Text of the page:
That Richard Pryor biopic that’s seemingly been in the works since before Pryor was born? Well, it might actually be moving forward, with a director and a shortlist of three potential actors and a giant wheelbarrow full of money to fund it. The director? Lee Daniels. The actors? Eddie Murphy, Marlon Wayans and Michael B. Jordan. The group filling farm equipment with legal tender? The Weinstein Company, which has come on board to finance the entire project.
There’s a lot to think about here. The big issue might seem to be Daniels’ involvement, and one could discuss that until the cows come home (if Lee Daniels lived on a farm, which I’m assuming he doesn’t). Daniels isn’t known for his funny bone, and a biopic about a stand-up comedian would have to at least acknowledge that jokes exist and that people do this thing called “laughing” after hearing them. But that’s only one half of the story. The other half involves those three fellows up for the starring role and the humongous differences between each one.
So let’s break ’em down one by one.
1. Eddie Murphy
Murphy has one gigantic advantage going into this, and that’s his stand-up comedy. Sure, Wayans may occasionally stand in front of a brick wall and crack wise, but he’s not what you’d call a stand-up by trade. Besides, the only reason Wayans started doing stand-up in the first place was to prepare for a potential role as Pryor. Murphy wasn’t the trendsetter Pryor was, but he was arguably just as famous – Eddie Murphy Raw remains the highest-grossing stand-up comedy film of all time. And a great big portion of Raw just happens to be about Pryor himself. Murphy discusses how the comic-inspired him, counseled him in a time of need, and even does his best impression of Pryor as he launches into a surprisingly complicated poop joke.
But Murphy is not perfect. The Eddie Murphy of the mid-1980s would be ideal for this role. However, Murphy’s stand-up and acting chops have been in a decades-long slump (with Dreamgirls being the exception). Yet even if Murphy could channel Jimmy Early and Raw into a single role, he’s still got an age problem to deal with. The Pryor of this particular biopic is in his mid-30s, and Murphy is 52. To pull this off, he’d have to spend the film in young-person makeup, and that’s almost always a horrible thing for everyone involved. What this world doesn’t need is a Richard Pryor film starring Murphy modified by CGI, a la Jeff-Bridges in Tron Legacy (or, even worse, Murphy in makeup, Nutty Professor-style).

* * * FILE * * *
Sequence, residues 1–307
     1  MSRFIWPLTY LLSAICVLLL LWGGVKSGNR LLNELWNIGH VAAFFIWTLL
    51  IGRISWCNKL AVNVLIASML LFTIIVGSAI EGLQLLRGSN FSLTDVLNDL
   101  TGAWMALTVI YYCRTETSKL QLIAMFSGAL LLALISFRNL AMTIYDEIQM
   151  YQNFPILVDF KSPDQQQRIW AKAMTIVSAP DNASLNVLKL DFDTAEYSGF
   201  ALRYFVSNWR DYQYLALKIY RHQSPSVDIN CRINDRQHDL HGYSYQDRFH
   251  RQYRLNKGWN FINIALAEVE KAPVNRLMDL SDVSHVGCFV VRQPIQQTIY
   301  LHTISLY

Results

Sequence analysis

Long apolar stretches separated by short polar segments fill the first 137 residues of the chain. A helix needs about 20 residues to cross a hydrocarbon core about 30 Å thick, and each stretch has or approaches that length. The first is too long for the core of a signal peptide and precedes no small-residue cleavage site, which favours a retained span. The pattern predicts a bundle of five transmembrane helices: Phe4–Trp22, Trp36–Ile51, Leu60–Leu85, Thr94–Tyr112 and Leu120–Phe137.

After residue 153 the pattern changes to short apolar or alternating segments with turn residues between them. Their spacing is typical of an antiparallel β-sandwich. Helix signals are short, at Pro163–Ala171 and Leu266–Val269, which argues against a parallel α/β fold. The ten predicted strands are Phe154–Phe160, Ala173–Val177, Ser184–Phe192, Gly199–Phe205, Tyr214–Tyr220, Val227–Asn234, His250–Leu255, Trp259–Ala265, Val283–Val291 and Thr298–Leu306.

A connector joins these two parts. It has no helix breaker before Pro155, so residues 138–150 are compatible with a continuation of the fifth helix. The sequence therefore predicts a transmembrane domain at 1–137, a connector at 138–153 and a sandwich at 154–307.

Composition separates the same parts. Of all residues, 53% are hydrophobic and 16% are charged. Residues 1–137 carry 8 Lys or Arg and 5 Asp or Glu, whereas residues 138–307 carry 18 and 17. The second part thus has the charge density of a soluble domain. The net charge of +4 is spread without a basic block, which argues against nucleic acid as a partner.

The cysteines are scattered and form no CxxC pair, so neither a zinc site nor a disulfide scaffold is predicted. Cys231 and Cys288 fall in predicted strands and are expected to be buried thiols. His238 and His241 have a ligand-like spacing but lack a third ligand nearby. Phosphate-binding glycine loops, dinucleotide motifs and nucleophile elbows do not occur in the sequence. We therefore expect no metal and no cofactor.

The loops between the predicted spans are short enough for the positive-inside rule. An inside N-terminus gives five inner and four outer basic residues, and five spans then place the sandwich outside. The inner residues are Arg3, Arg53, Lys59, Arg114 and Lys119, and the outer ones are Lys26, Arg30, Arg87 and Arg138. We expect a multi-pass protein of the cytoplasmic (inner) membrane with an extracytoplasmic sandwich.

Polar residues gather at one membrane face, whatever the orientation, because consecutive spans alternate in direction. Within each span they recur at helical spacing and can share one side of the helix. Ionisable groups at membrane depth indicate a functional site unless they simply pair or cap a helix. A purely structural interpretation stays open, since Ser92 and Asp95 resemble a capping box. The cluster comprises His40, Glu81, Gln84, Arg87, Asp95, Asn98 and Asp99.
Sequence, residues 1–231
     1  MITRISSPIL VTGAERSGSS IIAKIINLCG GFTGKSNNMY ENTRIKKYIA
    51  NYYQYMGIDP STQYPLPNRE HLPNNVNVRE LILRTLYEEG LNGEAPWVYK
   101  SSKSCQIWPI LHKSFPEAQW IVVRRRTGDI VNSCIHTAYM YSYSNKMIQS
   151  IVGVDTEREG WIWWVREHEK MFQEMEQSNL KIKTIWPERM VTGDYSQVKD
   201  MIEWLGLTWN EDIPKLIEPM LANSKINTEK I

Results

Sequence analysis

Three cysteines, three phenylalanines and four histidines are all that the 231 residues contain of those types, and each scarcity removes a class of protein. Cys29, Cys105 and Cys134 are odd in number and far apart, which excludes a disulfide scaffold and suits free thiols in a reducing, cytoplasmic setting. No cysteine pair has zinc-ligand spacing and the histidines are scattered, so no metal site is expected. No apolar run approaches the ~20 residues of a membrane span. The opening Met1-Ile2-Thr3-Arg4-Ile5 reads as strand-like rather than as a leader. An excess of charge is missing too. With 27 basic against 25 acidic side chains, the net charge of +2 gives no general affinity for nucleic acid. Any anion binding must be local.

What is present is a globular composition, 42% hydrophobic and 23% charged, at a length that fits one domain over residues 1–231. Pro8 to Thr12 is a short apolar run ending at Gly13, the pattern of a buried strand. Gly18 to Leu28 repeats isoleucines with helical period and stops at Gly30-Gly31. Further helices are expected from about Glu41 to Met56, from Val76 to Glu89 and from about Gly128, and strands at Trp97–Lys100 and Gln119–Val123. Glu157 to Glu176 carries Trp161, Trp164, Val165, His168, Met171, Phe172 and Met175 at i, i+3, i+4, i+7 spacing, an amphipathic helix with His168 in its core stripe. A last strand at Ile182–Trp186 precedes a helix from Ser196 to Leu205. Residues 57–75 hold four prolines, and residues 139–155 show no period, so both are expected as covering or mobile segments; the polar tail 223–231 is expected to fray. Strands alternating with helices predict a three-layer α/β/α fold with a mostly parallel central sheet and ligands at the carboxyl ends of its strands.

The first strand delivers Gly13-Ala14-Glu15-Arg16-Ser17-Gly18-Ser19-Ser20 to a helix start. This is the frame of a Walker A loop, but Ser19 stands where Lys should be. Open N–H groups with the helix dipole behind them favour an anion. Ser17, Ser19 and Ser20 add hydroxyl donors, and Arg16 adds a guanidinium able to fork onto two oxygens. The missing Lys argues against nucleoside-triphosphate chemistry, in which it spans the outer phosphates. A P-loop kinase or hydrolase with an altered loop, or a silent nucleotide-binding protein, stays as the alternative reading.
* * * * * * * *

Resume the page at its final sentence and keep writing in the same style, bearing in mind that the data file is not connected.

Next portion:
2. Marlon Wayans
This here’s what they call the safe choice. Wayans has stand-up experience – not anywhere near Murphy’s, but experience nonetheless. He’s also got incredible acting talent, even if the word “Wayans” appears directly after his first name. No amount of Scary Movies or Little Mans can ever erase the performance Wayans delivered for Requiem for a Dream, and just because he’s never done a dramatic role since then doesn’t mean he’ll never do one again. He may just be saving up his serious actor points for a potential biopic role. Plus, Wayans is the only one who can actually play Pryor without significantly altering his face. At 41 years old, Wayans has been described as the perfect age for a mid-30s Pryor. His screen test “is said to have wowed Harvey Weinstein,” and it’s always good to score points with those who control the giant movie budget cash fountain.
3. Michael B. Jordan
Of the three actors, Jordan has by far the least comedy chops. And it’s Jordan that The Hollywood Reporter seems the most worried about in terms of aging makeup, as he’d need about a 10-year boost to go from his current age of 26 to the right age for this film’s take on Pryor. Yet Jordan is also the front-runner for the role, likely because of the man now sitting in the directors’ chair. Daniels’ take will probably be light on the laughs and heavy on the domestic violence/spontaneous face combustion, and Jennifer Pryor (the comedian’s widow) will be producing the film and contributing many of Pryor’s personal journals to the project. The journals are described as “dark,” while the film is already being called “gritty fare,” and it sounds like Jordan may be the youngest, hungriest, angriest actor up for a very angry-sounding part.
But were it up to me (and it won’t be, at least not until my Harvey Weinstein droid gets out of the prototype phase), I’d want Daniels to keep the righteous anger and group cry-hugs to a minimum. Pryor could turn the most horrific situation into a good belly laugh, and his film should probably do the same.
So let’s end on a clip of Pryor doing just that.
Related Topics: Richard Pryor